In his latest post, Luca Vergano presents a very enticing interview with Jim Riswold, a famous copywriter who has worked with Wieden&Kennedy for 21 years, creating memorable work such as "Bo Knows" featuring Bo Jackson, great spots featuring Michael Jordan, the inspired teaming of Jordan and Spike Lee in the Spike and Mike commercials, "Hare Jordan" featuring Bugs Bunny, "I am Not a Role Model" starring Charles Barkley, Lou Reed selling Hondas, "I am Tiger Woods", to name just a few. Everything he says is interesting (how couldn't it be?), but i wanted to mention here three particular things. Four, come to think about it, if i include the aspect which i loved the most, namely that the guy's got a strong background in philosophy (just like me), and that this "eclectic background" helped him a lot, by providing him a particular, different perspective when looking at the world.
First, "I always tried to take an element of something that I was interested in, and mix it with something else to create a hybrid that was different. You know like, what would happen if you put these opposites in a pot together and shook it up and took it out? That's what I tried to do. A lot of it is instinct—no amount of research would have told you, "If you put Bo Jackson with Bo Diddly, the kids are gonna love it." [...]But the idea is, you use it to create something new. And I think that becomes a stronger form of communication because you're creating popular culture, rather than just taking it". It's really important to create something both different, and relevant, yet this is so many times mistaken with creating something new and extravagant, for the sake of shocking, rather than understanding the target.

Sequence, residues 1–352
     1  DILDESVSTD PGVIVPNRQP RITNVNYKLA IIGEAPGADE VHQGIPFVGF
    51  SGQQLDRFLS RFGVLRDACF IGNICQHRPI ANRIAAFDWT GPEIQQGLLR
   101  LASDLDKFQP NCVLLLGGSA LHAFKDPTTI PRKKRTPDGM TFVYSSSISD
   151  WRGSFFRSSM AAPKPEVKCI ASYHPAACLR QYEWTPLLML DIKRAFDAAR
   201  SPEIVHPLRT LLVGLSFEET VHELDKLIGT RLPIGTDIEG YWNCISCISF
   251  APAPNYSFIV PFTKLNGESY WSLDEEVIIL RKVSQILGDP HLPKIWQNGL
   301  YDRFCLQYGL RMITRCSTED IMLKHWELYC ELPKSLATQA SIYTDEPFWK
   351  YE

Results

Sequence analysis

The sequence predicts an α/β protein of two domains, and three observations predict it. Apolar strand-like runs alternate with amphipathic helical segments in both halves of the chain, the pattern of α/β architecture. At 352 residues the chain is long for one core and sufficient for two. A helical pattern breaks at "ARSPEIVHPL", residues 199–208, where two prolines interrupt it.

Second, "I can look at a lot of commercials and say, well, they got that from Seinfeld, and that came from an old SportsCenter commercial, and so on. But that kind of borrowing doesn't really work. Often by the time they produce the commercial on what they thought was hot, the culture has moved beyond it and they just look foolish." This is why W&K Honda commercials appealed to me in the first place. They seemed to be actually willing to transmit something, they seemed to have analysed and understood the people they're trying to talk to, and they seemed to be talking their own language. Express their brand values as attempts to build a powerful relationship with the target, and doing this in their very own original, particular way. And i wasn't working in advertising when i first saw "Cog" and had these thoughts.
Third, "the best advertising comes from people who are willing to make glorious mistakes. Is this new? No, Bernbach was saying the same thing in the '60s, so maybe it just cycles through, and now we're in a period where a lot of people don't want to make mistakes. Nothing will come of that kind of advertising.[...]at the end of the day, whether you are communicating on balloons or skywriting or whatever, it still comes down to this—you have to have a great f---ing idea. People aren't talking about that much, but it remains the constant: You need a great idea that moves people, hits them in their gut."